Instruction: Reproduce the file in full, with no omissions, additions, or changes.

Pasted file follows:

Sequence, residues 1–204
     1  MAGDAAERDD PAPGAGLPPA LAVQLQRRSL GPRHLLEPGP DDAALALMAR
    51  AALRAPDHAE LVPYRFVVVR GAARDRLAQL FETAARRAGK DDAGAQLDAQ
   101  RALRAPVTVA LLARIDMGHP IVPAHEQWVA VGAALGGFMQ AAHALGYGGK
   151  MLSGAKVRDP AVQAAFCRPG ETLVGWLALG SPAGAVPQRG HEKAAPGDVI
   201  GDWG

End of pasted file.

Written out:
Sequence, residues 1–204
     1  MAGDAAERDD PAPGAGLPPA LAVQLQRRSL GPRHLLEPGP DDAALALMAR
    51  AALRAPDHAE LVPYRFVVVR GAARDRLAQL FETAARRAGK DDAGAQLDAQ
   101  RALRAPVTVA LLARIDMGHP IVPAHEQWVA VGAALGGFMQ AAHALGYGGK
   151  MLSGAKVRDP AVQAAFCRPG ETLVGWLALG SPAGAVPQRG HEKAAPGDVI
   201  GDWG